Flexible displays embedded into wearable devices need to withstand being worn for long periods of time, usually at times of vigorous activity, without being a drain on precious power resources, writes Caroline Hayes

One of the limiting factors in healthcare and medical monitoring, as well as in watches and jewellery, has been a clearly visible that can blend into the aesthetics of a wearable design. Flexible displays are creating a swathe of wearable devices, to the extent that the flexible displays market is expect to be worth $15.5billion in 2022.

Taiwan is emerging as the location for flexible display technology and development, through partnerships with European companies. One example of this collaboration is E Ink. The Taiwanese company, which has pioneered ePaper displays, has partnered with German plastic display designer and manufacturer, Plastic Logic. They have been developing flexible, glass-free electrophoretic displays (EPDs) for the last 10 years based on Plastic Logic’s organic thin film transistor (OTFT) technology. 

The plastic displays are lightweight, robust and do not consume a lot of power, all of which tick boxes for wearable device design. The partners have renewed their master supply agreement (MSA) for EPD production, such as the Lectum displays, and to promote ePaper technology.

Glass-free Lectum displays are shatterproof and are used in designs that require a thin, lightweight, flexible display. They are bi-stable, so intrinsically low power, says Plastic Logic – only using a battery when an image is updated. As a result, battery charging is minimised and the battery itself can either thinner or a printed battery.

 

Displays range from 1.1-inch, using Taiwanese chip manufacturer, Ultrachip’s UC8156 EPD controller. The integrated OTFT active matrix EPD integrates the display driver, controller and power management integrated circuit (PMIC) on chip on plastic (CoP) technology and operates from a single 1.7 to 3.6V supply.

A larger, 1.38-inch Lectum display uses the same EPD controller, PMIC and CoP technology and supports 180 x 100 pixels.

A 2.1-inch version, supports 240 x 146 pixels. Evaluation kits are available for all three options.

The use of a display is increasingly popular in wearable design to collect and relay patient data to doctors, hospital, treatment centres and research facilities. In developing countries, this mobile data collection and transmission, or mHealth, is enabling patients who may not have immediate access to clinics to be treated by a remote facility. This makes the need for lightweight and robust wearable monitoring devices, that are power-conscious, particularly pressing.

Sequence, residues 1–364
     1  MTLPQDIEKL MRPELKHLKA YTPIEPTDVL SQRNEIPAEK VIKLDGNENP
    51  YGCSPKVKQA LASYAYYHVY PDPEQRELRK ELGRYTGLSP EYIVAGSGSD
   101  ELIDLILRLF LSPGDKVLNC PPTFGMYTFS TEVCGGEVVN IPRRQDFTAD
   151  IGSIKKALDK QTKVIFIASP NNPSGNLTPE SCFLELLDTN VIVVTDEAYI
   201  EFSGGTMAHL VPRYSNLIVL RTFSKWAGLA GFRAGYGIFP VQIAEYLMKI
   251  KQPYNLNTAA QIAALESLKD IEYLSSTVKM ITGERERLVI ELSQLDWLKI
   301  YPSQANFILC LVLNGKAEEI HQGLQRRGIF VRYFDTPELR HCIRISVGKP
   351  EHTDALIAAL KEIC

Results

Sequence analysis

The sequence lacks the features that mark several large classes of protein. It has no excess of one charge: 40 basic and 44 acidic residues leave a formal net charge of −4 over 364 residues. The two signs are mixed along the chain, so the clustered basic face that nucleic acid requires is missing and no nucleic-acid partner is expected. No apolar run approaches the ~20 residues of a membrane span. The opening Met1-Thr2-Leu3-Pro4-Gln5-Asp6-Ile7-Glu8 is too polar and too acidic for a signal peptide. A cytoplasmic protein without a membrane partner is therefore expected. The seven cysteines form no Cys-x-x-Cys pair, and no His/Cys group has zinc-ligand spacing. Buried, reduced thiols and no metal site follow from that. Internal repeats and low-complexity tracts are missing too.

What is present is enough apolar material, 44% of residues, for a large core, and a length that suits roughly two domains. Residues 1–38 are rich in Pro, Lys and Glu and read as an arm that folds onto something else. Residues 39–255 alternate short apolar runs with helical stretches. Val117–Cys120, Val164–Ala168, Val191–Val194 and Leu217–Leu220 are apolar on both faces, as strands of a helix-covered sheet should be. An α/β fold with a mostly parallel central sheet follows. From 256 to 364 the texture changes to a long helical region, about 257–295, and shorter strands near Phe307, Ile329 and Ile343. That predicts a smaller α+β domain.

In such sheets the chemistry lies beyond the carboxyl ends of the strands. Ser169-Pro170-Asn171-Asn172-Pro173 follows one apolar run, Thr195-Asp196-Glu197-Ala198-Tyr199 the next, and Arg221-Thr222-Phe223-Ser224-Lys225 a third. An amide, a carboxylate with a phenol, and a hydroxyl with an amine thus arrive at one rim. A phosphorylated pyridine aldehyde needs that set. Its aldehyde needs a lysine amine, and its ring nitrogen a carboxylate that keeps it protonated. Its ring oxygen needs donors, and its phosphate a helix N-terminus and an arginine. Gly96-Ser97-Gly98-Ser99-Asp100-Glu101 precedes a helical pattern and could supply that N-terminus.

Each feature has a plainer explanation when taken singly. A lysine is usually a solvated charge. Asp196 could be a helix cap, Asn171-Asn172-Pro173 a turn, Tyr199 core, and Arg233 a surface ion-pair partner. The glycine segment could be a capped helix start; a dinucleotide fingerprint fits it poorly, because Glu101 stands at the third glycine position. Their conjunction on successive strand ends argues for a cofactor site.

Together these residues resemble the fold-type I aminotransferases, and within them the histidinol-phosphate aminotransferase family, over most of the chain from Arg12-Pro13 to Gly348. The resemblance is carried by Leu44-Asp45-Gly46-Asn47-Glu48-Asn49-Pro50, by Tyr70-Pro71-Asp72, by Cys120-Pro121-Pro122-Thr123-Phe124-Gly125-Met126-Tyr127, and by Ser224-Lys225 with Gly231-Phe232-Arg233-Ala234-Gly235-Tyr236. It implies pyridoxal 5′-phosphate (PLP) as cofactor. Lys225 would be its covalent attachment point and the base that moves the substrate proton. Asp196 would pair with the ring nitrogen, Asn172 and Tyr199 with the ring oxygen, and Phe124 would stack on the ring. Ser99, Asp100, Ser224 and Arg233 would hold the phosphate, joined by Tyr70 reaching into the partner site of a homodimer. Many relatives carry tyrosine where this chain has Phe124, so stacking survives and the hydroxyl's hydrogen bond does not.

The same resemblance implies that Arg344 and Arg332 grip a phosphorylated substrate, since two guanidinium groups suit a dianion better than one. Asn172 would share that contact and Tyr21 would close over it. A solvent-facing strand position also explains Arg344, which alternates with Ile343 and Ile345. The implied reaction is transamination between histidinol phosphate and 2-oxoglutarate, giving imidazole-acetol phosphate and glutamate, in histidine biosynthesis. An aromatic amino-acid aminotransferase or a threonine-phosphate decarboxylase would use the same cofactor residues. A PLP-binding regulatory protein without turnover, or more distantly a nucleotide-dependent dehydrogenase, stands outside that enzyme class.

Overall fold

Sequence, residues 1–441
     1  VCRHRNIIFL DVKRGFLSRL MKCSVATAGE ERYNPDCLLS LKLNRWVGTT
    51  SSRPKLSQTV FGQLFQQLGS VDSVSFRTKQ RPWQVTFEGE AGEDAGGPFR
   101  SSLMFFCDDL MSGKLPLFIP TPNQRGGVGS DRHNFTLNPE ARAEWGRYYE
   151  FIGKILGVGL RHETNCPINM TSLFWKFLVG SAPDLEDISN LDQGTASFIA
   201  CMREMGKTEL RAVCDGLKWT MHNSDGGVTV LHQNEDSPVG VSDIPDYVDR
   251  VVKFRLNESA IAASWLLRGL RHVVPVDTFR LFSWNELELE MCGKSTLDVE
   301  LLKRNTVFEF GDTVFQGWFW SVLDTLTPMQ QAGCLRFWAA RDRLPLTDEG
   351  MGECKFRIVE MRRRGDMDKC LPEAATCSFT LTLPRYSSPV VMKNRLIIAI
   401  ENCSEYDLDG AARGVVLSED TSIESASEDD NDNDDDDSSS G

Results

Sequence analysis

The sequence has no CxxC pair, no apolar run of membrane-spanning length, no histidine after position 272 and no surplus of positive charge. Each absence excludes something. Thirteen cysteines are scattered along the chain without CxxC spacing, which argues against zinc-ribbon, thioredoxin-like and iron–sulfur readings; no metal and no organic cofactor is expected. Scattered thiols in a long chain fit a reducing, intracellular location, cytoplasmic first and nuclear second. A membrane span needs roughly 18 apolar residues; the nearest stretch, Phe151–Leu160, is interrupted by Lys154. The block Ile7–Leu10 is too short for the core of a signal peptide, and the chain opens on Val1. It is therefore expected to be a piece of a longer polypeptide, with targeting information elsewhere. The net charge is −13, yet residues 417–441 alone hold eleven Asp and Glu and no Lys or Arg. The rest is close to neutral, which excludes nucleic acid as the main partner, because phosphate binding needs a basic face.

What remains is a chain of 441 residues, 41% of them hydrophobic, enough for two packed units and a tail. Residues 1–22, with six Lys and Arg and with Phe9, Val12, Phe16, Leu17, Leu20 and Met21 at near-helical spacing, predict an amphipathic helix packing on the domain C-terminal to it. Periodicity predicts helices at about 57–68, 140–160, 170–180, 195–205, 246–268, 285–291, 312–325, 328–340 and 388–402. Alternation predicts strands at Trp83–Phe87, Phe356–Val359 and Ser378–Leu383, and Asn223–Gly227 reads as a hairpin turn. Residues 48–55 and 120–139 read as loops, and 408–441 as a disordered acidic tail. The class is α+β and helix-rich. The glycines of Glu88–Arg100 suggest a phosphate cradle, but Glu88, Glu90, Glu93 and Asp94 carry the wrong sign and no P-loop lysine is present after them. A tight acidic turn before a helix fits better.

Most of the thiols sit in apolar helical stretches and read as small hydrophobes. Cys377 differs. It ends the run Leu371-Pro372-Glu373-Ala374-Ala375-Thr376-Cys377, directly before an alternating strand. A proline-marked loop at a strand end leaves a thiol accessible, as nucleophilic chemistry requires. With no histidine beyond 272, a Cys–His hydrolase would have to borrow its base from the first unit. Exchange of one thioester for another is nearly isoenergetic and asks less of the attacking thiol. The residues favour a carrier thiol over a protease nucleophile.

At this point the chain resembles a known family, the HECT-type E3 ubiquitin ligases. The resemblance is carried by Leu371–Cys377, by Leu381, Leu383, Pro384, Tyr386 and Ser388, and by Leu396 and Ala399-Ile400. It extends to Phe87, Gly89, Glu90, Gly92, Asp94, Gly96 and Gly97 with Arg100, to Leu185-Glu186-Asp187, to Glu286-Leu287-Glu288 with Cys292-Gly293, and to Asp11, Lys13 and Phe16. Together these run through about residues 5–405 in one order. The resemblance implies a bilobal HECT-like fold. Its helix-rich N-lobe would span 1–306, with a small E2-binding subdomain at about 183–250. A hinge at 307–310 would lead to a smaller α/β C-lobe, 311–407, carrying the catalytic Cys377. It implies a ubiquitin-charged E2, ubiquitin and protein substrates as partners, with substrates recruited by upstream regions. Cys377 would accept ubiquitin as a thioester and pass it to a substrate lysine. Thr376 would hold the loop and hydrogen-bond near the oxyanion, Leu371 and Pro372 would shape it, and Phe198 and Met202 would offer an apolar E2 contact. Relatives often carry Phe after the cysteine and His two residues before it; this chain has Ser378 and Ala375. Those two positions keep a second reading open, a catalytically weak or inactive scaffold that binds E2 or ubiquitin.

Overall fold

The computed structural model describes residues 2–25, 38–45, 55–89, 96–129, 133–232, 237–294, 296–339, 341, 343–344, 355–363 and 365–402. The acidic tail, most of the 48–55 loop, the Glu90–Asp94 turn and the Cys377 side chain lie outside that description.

Smart jewelry

Another example of east-west co-operation is UK company, Smartkem, which has partnered with Chinese and Taiwanese OLED manufacturers over the last couple of years in a determined bid to make plastic displays a commercial reality.

Its truFLEX semiconductor technology is being used by manufacturers for light, flexible and low power displays. What’s important here is that the display does not drain the pressure battery resources of a wearable device, nor demand extra weight and capacity with another battery in the design.

Based in Manchester, England, the chemicals specialist, offers molecular design, synthesis, formulation, electronic prototyping and supply of organic semiconductors for displays on glass or plastic. It also offers support to scale up to production volume.

SmartKem has been focused on the transfer and scale up of truFLEX onto Organic light emitting diode (OLED) and liquid crystal displays (LCDs) display production lines in Asia. It reports it is now in the final stages of commercial adoption and scale-up of material production with the first display products anticipated to enter the market in 2018.

 

Figure 1: Plastic Logic’s Lectum displays are shatterproof for durable devices. (Image supplied by Plastic Logic Germany)